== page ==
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I have

_int8 arr[0] = 0;
_int8 arr[1] = 0;
_int8 arr[2] = 14;
_int8 arr[3] = 16;

I need to convert it to one _int32 using as arr[0] as first part <..> and arr[3] as last. In the end it should be

_int32 back = 3600;

Should I use bit shifts or smth like that to achieve this?

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Your code isn't valid, you cannot create an array with 0 elements. –  Hans Passant Jan 16 '11 at 17:57

3 Answers 3

up vote 4 down vote accepted

If you know the byte ordering (i.e. big endian or little endian, check it out on wikipedia), and the array is set up in the right order you can just do:

back = *(_int32 *)arr;

That'll just interpret your array of 4 bytes as a buffer holding a single 32-bit integer. In your example though, I think you've got it set up for big endian and x86 isn't. So you'd need to swap some bytes.

For instance:

_int32 back = arr[0] << 24 | arr[1] << 16 | arr[2] << 8 | arr[3];

or something like that.

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2  
...x86 is most definitely little-endian. –  Michael Madsen Jan 16 '11 at 17:55
1  
x86 is little-endian; the OP's layout would be big-endian. –  j_random_hacker Jan 16 '11 at 17:55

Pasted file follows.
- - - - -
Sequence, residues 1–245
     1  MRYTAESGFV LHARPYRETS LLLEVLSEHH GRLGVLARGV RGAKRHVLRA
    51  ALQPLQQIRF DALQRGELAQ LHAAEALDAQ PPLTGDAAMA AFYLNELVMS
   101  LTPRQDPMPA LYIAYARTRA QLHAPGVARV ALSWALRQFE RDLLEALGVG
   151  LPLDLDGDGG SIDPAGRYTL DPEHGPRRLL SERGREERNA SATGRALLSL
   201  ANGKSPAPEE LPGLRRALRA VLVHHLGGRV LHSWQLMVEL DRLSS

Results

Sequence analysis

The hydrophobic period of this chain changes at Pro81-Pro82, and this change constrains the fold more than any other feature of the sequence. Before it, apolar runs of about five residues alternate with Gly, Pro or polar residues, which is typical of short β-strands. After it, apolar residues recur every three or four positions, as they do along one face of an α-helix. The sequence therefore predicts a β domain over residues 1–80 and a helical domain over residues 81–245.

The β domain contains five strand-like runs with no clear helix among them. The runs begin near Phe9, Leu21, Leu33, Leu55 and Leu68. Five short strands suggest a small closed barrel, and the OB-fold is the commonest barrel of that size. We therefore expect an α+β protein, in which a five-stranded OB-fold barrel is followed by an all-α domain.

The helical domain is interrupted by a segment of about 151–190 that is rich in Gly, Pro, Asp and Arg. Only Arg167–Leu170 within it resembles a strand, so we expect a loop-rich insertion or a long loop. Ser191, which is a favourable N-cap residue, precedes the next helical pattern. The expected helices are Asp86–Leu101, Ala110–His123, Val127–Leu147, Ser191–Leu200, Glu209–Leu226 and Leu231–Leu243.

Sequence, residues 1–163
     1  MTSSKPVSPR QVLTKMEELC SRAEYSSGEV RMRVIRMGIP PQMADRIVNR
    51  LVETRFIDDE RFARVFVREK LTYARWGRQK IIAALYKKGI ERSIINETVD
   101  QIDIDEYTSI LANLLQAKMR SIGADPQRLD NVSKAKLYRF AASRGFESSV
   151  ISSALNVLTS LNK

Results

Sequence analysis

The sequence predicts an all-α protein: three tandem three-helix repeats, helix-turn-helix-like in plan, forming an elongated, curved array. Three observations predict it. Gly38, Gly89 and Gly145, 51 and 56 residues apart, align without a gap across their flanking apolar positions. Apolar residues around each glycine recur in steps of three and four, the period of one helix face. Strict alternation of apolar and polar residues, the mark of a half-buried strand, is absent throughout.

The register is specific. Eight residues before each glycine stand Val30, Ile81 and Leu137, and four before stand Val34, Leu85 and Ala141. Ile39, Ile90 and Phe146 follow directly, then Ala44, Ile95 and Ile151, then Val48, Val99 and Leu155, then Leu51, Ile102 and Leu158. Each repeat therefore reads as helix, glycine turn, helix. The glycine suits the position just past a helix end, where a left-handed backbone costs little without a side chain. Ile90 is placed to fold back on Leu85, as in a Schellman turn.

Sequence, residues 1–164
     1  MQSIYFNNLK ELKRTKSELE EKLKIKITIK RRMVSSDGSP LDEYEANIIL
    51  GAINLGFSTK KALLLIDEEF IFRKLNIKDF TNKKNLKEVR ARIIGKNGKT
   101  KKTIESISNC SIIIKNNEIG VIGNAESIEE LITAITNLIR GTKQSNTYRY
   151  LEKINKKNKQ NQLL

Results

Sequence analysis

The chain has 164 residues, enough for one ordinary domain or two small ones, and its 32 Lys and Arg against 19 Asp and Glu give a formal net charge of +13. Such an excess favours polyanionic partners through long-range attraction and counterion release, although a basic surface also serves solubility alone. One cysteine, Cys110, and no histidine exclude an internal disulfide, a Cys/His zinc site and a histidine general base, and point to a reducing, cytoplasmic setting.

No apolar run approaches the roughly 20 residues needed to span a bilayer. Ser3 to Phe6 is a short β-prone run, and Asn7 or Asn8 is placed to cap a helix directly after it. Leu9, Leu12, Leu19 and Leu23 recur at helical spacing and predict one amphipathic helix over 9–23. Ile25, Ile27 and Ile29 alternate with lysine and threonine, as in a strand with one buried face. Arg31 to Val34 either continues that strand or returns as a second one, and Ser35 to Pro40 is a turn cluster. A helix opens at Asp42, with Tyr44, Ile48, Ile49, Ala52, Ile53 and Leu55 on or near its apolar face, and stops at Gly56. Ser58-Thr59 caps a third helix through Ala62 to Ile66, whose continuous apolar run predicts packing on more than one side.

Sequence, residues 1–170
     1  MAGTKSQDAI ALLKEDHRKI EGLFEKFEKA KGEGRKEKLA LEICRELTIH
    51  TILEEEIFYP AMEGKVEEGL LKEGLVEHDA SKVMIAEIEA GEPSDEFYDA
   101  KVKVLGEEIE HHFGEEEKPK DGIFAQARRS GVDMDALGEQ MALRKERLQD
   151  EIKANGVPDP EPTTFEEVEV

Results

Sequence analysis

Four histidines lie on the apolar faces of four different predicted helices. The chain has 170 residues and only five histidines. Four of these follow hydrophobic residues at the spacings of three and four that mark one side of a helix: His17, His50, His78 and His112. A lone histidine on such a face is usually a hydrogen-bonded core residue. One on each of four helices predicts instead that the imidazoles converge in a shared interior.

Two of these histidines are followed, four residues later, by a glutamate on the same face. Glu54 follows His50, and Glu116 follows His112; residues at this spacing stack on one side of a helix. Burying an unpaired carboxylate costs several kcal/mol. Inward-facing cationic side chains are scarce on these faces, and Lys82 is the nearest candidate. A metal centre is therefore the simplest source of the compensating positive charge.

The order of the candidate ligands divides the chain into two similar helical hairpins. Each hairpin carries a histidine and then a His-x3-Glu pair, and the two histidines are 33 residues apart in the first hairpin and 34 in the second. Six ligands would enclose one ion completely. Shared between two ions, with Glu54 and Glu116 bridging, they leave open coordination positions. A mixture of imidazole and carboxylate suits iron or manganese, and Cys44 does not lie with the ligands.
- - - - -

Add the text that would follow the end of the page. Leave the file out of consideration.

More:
i dont know about little or big endian, but that worked :D will study it later. thanks. –  gemexas Jan 16 '11 at 18:08
    
Isn't accessing a value through a pointer of the wrong type undefined behaviour? –  user97370 Jan 16 '11 at 18:52

Cast them all to int then use:

(arr[0] << 24) | (arr[1] << 16) | (arr[2] << 8) | arr[3]

Alternatively:

_int32 back = 0;
for (int i = 0; i < 4; ++i)
    back = (back << 8) | arr[i];
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3  
You might want or need to convert to uint to avoid problems with sign bit extension. –  hardmath Jan 16 '11 at 17:54
    
@hardmath: True, I guess it depends what he wants. –  Peter Alexander Jan 16 '11 at 17:55
    
@hardmath Actually I do not follow. Where does signedness intervene when using left shifts? If there had been right shifts in Peter's answer I would have understood, but here I feel like I'm missing something. –  Pascal Cuoq Jan 16 '11 at 18:01
1  
@Pascal Cuoq: Signedness intervenes before the shifts, when you do the conversions. If I have a signed byte int8 and covert to int32, I expect "negative" values to be sign extended to negative values. Perhaps gemaxas's question is open to interpretation, but the way I read it means just placing the bytes in the correct order. Using a bitwise OR to do that (as Peter suggested) would require suppressing any sign extension. Nick's solution (aliasing the same piece of memory) is maybe a little cleaner because it avoids the issue. –  hardmath Jan 16 '11 at 18:33
    
I never understand why bit shifting is even considered when unions are available. –  David Heffernan Jan 16 '11 at 19:56

It's probably my SCO compiler but I think I've had problems if I didn't use (arr[0]&0xff) and so forth for doing the shifts. Certainly doesn't hurt anything.

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